Lisa DeTemple didnâ€™t always have baby blonde hair. The RealReal luxury consultantâ€™s natural color is an ashy brown that sheâ€™s dyed every six weeks â€” for years. Itâ€™s nothing short of a miracle that her hair has stayed healthy and thick. How does she do it? For one, she doesnâ€™t use shampoo. Below, DeTemple explains. In my shower youâ€™ll find: Hairstoryâ€™s New Wash and Bumble and Bumbleâ€™s Super Rich Conditioner. I wash my hair: onceÂ or twice a week.
If thereâ€™s one thing thatâ€™s certain about BeyoncĂŠ, itâ€™s that she only works with the best. Thatâ€™s why sheâ€™s called on Sir John, her makeup artist, for seven years. Tonight he makes his television debut as a mentor on American Beauty Star â€” a Lifetime competition show that brings together makeup artists and hairstylists to create beauty looks worthy of the programâ€™s name.
Lately, Dermstore has been hosting more and more sales â€” not that weâ€™re complaining. Each flash sale highlights a select round of products, and the one thatâ€™s ongoing now features natural beauty items and cult indie-brand Paulaâ€™s Choice. From now until September 21, you can save 20 percent off a number of â€œgreen beautyâ€? brands and 15 percent off of Paulaâ€™s Choice. This means a lot of products are on sale, but donâ€™t worry, weâ€™ll help you find the best ones to buy.
Muck Rack makes it simple to find people, tweets, or articles that mention any name, keyword, company, hashtag etc. We've compiled this guide to help you make the most of your search.
Selecting a term
Start searching tweets, articles from media outlets, articles mentioned in tweets, journalists'
names, titles and bios with some suggested searches:
Companies or Topics (e.g. iPhone, Microsoft)
Phrases (e.g. "cloud computing") — use quotes to keep the terms together
Twitter handles (e.g. @username) — returns those who have mentioned or replied to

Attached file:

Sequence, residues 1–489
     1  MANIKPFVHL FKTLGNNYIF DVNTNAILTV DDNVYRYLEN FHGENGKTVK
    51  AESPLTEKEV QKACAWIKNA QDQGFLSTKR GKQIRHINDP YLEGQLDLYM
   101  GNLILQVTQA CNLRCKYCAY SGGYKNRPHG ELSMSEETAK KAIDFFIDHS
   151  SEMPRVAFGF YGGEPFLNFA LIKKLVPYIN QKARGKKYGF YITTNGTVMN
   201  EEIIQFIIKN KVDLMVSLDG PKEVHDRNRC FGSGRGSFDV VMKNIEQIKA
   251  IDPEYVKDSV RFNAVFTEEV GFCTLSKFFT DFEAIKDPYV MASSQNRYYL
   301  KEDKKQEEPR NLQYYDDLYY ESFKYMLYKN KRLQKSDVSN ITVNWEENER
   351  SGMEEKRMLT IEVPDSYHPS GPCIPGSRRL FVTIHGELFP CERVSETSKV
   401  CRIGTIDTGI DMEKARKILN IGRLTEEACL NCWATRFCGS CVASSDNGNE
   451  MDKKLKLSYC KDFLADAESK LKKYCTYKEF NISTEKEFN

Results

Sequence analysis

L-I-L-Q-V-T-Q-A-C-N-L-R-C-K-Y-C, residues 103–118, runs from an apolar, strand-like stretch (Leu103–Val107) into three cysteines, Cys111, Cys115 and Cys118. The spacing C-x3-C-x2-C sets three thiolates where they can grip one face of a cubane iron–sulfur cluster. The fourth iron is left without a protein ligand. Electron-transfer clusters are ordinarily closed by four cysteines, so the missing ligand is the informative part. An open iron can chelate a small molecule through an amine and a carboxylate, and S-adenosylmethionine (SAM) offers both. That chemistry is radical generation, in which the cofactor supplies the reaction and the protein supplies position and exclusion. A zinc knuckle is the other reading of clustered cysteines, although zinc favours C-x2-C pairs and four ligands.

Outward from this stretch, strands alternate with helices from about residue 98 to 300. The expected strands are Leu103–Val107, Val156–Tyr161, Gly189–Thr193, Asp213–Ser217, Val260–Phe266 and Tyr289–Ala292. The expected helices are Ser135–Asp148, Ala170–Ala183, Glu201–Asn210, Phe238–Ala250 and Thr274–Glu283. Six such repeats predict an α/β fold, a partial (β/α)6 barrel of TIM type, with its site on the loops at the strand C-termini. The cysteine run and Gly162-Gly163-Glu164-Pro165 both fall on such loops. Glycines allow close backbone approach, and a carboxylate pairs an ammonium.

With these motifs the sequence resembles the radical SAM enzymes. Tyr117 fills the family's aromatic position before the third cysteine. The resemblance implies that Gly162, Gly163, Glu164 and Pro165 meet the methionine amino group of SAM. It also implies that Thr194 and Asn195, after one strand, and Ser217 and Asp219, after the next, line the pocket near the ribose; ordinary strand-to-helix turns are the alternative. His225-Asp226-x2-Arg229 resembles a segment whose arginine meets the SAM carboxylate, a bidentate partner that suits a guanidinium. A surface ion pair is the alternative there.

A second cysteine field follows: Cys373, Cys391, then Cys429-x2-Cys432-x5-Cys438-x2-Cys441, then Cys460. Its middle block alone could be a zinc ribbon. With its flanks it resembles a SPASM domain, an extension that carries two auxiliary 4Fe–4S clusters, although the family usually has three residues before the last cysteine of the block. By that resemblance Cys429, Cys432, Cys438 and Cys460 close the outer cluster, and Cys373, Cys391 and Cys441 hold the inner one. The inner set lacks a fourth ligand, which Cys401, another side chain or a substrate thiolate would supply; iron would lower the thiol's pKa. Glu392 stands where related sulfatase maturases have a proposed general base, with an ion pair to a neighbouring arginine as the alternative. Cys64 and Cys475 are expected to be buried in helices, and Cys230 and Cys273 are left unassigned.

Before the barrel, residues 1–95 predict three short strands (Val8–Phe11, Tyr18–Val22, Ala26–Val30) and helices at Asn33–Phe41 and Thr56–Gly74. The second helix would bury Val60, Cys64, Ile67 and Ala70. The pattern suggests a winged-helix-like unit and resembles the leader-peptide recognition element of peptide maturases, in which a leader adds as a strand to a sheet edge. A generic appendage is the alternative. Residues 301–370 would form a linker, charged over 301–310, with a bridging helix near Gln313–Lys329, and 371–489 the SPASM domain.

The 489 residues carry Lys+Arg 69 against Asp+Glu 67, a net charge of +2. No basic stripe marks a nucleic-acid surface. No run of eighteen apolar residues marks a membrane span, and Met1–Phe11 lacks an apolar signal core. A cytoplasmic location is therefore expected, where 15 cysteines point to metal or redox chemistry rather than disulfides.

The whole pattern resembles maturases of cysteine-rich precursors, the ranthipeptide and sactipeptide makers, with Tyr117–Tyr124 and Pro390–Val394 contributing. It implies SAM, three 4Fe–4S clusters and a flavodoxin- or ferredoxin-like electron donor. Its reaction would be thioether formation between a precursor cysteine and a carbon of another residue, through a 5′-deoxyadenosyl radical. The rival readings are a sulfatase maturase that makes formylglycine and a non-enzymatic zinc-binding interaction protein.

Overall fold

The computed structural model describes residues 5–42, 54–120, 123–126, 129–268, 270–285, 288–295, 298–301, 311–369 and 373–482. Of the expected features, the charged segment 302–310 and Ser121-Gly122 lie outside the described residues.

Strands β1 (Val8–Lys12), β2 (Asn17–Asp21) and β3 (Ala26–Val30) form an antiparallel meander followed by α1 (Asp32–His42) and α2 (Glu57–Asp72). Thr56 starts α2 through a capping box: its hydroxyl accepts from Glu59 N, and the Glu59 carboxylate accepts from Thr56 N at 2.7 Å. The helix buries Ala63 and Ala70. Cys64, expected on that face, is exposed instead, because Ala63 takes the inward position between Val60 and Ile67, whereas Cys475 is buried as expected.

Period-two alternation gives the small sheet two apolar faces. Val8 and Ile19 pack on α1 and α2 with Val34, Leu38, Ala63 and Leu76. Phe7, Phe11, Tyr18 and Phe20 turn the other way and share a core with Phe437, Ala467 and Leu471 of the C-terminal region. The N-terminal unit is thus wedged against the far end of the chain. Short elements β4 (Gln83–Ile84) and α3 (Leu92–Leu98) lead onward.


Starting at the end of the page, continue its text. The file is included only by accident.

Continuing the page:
Names (e.g. "David Pogue")
Hashtags (e.g. #sxsw, #london2012)
Bio details (e.g. vegan, Olympics, father)
Muck Rack's Advanced Search allows for many boolean operators.
Find results that mention multiple specified terms, use AND or
+. For example, ensure each result contains both Elon Musk and Mark Zuckerberg by
searching Obama AND Romney or Obama + Romney.
Use the operators OR or , to broaden your search when you'd like either of
multiple terms to appear in results. (This is the default behavior of our search when no operators
are used.) For example, search for democrat OR republican to find results that refer to
Democrats and/or Republicans.
Use NOT or - to subtract results from your search. For
example, searching Disney will yield results about the Walt Disney Company as well as Walt Disney
World Resort. To exclude mentions of Disney World, search for Disney -World or Disney
When using one of these operators with a phrase, enclose it in quotation marks. For example, you can
find results about smartphones excluding Apple's iPhone 4S by searching smartphone -"iPhone
Exact case matching or punctuation
If you're searching for a brand name or keyword that relies on specific punctuation marks or capitalization, you can
find results that match your exact query by adding matchcase: before the keyword you're searching for, like matchcase:E*TRADE .
Use parentheses to separate multiple
boolean phrases. For example, to find journalists talking about having fun in Disney World or
Disneyland, search for ("disney world" OR disneyland) AND fun.
An asterisk can be used to search for any variation of a root word truncated by the asterisk. For example, searching for admin* will return results for administrator, administration, administer, administered, etc.
A near operator is an AND operator where you can control the distance between the words. You can vary the distance the near operation uses by adding a forward slash and number (between 0-99) such as strawberries NEAR/10 "whipped cream", which means the strawberries must exist within 10 words of "whipped cream".